As a mother, it can be difficult to entrust someone else with the care of your child. No one else seems to understand how to do it right—not your husband, parents or nanny. As a result, you take everything on yourself. But is that truly the case? Mothers may sometimes not realize that their behavior denies their loved ones from participating in caretaking tasks, causing burnout and a strained relationship.
Maternal gatekeeping is a form of parental alienation which happens when moms block other potential caregivers from caring for their infant or toddler. It stems from the belief that the father, or other caregivers, are incapable of providing the care their child needs.
Your partner may lose confidence
Do you always correct your partner when feeding or diapering your baby? Do you criticize or laugh at your partner’s mistakes with friends and family? These could be early warning signs of maternal gatekeeping.
Relationships can fall apart because of maternal gatekeeping. Hounding or reprimanding your spouse for not doing things “correctly” may discourage them from caring for your child. The more often this happens, the less confident they may become until they eventually leave all caregiving tasks to you. As a result, you and your partner start feeling resentful toward each other.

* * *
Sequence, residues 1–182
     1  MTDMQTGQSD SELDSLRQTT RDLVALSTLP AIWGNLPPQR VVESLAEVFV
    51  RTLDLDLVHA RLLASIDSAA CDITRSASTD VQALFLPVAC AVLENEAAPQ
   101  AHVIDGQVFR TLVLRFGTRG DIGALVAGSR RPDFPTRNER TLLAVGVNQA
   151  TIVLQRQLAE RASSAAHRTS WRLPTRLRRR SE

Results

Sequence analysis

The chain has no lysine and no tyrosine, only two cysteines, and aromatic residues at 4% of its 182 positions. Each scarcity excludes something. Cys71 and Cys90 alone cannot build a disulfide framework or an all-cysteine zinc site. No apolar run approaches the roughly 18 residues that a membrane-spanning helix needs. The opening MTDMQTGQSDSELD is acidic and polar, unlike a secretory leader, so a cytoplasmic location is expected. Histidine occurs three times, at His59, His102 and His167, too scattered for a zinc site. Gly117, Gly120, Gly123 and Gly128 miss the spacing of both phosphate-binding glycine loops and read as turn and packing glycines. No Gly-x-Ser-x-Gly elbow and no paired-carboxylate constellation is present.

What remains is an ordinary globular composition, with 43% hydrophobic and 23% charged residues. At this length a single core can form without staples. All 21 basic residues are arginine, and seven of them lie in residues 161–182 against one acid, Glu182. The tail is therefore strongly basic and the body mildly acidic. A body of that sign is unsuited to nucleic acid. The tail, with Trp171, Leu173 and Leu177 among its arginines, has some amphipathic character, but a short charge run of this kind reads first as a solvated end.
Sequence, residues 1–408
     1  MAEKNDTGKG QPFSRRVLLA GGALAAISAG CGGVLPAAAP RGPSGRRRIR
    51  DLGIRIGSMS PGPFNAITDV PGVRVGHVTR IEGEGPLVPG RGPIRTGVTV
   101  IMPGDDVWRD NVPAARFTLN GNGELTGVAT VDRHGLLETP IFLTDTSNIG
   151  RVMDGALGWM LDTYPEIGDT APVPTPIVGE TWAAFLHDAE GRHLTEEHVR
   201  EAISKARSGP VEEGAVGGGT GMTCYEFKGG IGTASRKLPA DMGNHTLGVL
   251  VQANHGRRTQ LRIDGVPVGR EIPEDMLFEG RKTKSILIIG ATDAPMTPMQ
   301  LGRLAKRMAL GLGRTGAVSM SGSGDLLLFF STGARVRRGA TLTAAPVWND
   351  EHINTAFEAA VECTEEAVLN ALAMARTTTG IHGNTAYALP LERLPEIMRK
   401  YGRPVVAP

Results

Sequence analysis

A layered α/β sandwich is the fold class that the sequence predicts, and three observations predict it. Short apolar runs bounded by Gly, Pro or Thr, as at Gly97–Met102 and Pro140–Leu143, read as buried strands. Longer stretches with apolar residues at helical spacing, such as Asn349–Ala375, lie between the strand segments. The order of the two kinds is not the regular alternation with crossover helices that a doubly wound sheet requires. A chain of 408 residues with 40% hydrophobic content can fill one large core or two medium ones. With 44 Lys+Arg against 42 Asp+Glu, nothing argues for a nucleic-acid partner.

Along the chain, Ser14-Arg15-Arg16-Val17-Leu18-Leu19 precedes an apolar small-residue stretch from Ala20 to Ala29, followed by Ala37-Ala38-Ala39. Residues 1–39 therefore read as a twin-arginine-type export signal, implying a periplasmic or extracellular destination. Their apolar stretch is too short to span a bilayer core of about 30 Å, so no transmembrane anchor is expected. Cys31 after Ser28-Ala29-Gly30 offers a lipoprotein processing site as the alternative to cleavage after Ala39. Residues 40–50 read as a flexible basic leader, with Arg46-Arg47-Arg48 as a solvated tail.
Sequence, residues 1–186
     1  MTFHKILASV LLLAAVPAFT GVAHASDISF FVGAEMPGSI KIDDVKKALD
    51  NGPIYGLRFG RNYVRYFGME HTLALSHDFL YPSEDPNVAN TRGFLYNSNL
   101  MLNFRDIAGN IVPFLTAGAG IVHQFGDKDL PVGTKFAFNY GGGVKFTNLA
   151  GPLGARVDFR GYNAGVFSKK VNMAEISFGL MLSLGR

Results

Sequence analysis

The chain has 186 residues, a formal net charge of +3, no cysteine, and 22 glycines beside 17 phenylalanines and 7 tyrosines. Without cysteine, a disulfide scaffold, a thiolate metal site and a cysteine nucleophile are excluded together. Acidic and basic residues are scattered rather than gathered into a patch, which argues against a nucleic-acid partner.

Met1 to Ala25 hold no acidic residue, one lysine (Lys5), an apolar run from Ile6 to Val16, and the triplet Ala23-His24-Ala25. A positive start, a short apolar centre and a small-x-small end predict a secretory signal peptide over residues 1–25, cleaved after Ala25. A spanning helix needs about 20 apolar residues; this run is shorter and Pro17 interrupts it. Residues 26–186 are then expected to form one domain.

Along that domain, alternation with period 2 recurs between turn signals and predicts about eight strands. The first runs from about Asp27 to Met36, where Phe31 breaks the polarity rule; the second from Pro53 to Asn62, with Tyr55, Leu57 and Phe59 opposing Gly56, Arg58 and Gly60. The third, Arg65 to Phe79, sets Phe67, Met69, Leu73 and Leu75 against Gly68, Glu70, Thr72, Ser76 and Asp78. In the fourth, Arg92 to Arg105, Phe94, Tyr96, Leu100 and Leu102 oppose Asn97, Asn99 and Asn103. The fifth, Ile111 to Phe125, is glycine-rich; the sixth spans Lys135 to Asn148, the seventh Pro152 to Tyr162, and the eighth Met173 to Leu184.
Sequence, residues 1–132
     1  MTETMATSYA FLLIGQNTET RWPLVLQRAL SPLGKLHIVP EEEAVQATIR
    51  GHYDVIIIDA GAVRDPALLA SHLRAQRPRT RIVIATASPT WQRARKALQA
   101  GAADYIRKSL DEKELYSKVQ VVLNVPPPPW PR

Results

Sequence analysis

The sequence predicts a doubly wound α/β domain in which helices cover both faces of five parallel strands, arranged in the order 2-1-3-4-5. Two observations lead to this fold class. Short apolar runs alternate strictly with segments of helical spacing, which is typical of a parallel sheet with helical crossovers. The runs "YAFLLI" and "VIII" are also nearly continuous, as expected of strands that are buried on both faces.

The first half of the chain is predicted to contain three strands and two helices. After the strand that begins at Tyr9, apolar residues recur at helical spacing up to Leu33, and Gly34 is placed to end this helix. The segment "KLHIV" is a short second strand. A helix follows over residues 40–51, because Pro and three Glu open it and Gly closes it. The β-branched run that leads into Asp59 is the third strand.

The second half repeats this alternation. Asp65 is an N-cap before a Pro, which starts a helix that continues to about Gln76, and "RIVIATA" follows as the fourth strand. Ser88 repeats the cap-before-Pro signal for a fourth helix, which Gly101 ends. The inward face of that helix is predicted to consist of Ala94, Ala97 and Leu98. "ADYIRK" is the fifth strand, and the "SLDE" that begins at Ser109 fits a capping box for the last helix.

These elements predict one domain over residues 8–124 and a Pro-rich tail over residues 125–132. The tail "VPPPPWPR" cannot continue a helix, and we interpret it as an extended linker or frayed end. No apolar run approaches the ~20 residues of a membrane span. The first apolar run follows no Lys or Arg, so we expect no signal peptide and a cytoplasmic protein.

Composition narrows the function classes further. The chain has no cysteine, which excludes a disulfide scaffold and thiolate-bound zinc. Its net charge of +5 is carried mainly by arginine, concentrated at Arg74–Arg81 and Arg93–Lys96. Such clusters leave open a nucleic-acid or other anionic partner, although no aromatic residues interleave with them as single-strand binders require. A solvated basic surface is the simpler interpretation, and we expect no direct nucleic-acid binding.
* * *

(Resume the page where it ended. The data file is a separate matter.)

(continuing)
It’s okay to ask for help
Raising a child is tough, but that’s why your spouse and family are there to support you. Recognizing gatekeeping behaviors can be a good first step to avoid maternal burnout.
You may find it easier to trust your partner by letting go of unrealistic standards and acknowledging that they may have a different parenting style compared to you. It’s also important to communicate with your spouse instead of taking your stress out on them.
Additionally, allowing others to care for your child gives you time for yourself, giving you a chance to relax and unwind.
Babies are more resilient than you think
If your spouse doesn’t hold the bottle a certain way or struggles to change your baby’s diaper, don’t worry, your child will be fine. Allowing your spouse to have these experiences and communicating your needs may encourage them to spend more time with your child.
Naturally, you only want what’s best for your child, but it’s important to remember that you’re not alone in this. Your spouse and family share that desire too.